Another alternative to a Carfax report is to contact your insurance company. They have a wealth of information at their disposal that goes beyond what you could find by Googling the VIN.

However you go about it, be sure you have all of the information you can find about this vehicle. You need to be positive that you aren’t buying a salvage title (unless you want to) and that you are aware of every accident the car has been in.

How to Buy a Car from a Private Seller: A Mechanic Inspection

We always suggest getting a pre-purchase inspection before buying a car, whether you’re buying from a private seller or a dealership.

A pre-purchase inspection is a specific type of vehicle inspection that a mechanic performs in which they look over the car for any apparent issues. They inspect it for any signs of damage, leaks, and any parts that will need to be replaced soon.

The goal of a pre-purchase inspection is to get a well-rounded picture of the vehicle that you’re looking to buy. Depending on the mechanic, they’ll likely give you an overall opinion: “yes, buy this,” or “no, avoid it.”  

Combined with the Carfax report, the pre-purchase inspection paints an image of the car’s history and gives you a glimpse into the future. You might discover that the lower control arms are going out or that the alternator is failing. This information can be used to negotiate with the seller or help you decide to avoid buying the vehicle altogether.

Something you should know about how to buy a car from a private seller is that if the seller refuses to let you have the vehicle inspected, just walk away. They could be hiding something intentionally, or they may just be a pain to work with. If they’re worried about handing you the keys to take it to the mechanic, have them go with you.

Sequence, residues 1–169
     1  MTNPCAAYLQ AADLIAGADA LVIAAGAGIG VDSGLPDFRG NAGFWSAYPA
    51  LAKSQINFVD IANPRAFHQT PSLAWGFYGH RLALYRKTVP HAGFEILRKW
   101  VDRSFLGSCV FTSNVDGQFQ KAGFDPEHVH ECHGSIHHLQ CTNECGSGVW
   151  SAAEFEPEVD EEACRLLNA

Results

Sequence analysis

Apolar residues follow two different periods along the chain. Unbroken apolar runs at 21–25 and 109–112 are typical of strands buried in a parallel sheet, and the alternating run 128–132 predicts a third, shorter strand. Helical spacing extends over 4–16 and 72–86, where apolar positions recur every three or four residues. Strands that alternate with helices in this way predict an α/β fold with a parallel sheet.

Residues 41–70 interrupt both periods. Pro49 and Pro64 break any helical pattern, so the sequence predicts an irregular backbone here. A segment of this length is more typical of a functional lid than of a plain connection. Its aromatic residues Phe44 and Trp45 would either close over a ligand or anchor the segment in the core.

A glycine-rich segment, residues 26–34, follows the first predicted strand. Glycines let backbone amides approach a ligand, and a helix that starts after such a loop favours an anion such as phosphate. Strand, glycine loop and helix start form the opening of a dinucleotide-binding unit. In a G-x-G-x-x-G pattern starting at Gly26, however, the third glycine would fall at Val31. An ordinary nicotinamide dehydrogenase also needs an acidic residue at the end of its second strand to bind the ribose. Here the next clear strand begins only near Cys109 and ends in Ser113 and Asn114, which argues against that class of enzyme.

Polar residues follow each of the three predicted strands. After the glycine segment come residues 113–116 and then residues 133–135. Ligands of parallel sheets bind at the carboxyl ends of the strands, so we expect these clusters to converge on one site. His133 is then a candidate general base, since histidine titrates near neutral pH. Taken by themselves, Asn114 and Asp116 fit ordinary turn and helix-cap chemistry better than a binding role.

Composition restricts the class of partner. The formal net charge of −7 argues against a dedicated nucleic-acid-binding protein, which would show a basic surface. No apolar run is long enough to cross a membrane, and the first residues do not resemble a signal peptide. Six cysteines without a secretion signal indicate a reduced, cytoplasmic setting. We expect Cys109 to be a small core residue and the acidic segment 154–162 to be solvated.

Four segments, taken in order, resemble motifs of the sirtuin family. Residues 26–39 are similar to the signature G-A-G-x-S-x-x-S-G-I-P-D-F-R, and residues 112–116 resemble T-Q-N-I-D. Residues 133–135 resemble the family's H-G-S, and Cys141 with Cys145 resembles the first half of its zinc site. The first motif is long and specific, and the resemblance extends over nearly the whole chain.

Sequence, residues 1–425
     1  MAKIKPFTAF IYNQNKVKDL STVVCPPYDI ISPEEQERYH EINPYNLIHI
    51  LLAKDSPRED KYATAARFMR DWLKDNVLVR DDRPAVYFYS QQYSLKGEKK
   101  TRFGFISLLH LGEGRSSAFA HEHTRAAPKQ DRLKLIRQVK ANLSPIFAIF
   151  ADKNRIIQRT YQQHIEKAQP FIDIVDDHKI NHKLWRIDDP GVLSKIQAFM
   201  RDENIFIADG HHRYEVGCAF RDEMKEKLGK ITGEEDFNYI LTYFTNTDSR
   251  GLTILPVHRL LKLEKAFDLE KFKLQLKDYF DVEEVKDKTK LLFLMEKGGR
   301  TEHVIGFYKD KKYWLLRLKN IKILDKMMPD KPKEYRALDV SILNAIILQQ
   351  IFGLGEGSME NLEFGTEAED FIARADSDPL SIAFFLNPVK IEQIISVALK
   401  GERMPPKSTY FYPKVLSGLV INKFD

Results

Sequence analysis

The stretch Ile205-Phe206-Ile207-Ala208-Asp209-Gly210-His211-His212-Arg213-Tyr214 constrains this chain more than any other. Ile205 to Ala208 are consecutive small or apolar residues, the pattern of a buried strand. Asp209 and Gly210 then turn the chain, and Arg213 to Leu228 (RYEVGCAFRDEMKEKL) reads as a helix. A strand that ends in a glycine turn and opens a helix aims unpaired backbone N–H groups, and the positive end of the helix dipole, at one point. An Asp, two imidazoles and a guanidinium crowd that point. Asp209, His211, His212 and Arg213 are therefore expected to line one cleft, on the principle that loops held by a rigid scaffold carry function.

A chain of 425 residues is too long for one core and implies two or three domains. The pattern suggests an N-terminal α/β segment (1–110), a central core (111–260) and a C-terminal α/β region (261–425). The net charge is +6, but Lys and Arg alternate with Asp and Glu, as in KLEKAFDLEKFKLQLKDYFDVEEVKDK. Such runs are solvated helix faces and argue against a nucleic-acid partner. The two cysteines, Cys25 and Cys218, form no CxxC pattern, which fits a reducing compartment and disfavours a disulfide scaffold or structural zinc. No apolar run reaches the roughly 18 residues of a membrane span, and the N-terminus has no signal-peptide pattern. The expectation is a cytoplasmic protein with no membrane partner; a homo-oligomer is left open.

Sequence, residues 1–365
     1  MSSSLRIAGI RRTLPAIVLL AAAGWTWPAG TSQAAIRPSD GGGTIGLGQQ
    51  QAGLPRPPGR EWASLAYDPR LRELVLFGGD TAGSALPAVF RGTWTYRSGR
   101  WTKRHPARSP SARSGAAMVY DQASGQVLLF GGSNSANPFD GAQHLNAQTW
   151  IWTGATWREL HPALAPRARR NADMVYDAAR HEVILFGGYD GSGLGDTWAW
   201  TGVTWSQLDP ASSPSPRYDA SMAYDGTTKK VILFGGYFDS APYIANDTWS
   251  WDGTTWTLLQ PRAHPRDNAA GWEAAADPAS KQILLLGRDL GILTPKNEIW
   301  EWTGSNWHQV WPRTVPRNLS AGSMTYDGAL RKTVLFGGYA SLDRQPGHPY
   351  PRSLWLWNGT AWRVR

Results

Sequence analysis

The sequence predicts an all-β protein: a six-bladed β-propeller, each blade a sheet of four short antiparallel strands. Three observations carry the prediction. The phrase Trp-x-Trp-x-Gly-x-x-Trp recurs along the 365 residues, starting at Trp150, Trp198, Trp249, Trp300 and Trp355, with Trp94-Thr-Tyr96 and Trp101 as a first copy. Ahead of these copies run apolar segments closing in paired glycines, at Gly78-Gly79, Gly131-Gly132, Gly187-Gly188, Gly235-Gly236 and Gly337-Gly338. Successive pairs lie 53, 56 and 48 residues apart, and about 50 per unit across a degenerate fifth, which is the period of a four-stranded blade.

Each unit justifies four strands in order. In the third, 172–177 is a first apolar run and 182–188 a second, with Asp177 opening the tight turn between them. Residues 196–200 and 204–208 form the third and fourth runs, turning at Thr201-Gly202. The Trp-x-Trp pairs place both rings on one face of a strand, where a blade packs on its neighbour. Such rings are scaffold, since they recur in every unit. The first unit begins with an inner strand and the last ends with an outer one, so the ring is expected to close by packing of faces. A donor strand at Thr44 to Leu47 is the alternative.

Be Careful How You Pay for the Car

Due to the price tag and people’s naivety, the private car selling world is filled with various scams. You can avoid most of them by following one piece of advice: if it sounds too good to be true, then it is.

The most common types of scams that we see have to do with how you pay for the car, such as:

  • Paying with Western Union (this one is common when they don’t let you see the vehicle)
  • Ask you to pay entirely with gift cards
  • Want you to pay with cryptocurrency (this isn’t always a scam, but cryptocurrency is often used in scams)

You should only pay for the car with traditional forms of payment. Of course, you should only buy a car you’ve seen in person. That’s right; some scammers try to get people to pay for vehicles they don’t even have.

How to Buy a Car from a Private Seller: Arm Yourself with Information

Information is your greatest tool when it comes to buying a car from a private seller. You should know everything about the vehicle that you possibly can. You should also know simple tips, such as making sure the seller is listed on the title and not paying for the car with strange forms of payment. By arming yourself with information, you’ll be ready to buy a car from a private seller.